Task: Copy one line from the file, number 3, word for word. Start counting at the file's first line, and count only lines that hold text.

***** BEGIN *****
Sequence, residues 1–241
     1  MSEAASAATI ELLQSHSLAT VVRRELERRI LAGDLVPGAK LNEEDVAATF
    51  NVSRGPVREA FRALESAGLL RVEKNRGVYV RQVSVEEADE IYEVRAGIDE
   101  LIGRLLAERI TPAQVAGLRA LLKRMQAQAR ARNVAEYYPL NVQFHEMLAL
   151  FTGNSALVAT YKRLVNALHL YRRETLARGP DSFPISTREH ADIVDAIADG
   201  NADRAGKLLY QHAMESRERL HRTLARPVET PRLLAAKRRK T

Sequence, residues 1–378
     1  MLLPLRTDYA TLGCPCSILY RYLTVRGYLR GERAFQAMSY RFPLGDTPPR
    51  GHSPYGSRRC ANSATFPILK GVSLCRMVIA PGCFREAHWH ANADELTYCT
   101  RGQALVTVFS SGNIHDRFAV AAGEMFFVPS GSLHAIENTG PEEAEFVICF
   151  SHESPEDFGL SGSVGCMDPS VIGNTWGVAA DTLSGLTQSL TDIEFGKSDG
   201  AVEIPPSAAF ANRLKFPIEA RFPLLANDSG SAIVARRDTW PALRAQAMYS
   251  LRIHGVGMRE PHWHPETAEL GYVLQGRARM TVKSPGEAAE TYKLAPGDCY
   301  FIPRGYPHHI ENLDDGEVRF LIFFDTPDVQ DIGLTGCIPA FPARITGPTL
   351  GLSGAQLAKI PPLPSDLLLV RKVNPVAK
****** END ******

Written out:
    51  NVSRGPVREA FRALESAGLL RVEKNRGVYV RQVSVEEADE IYEVRAGIDE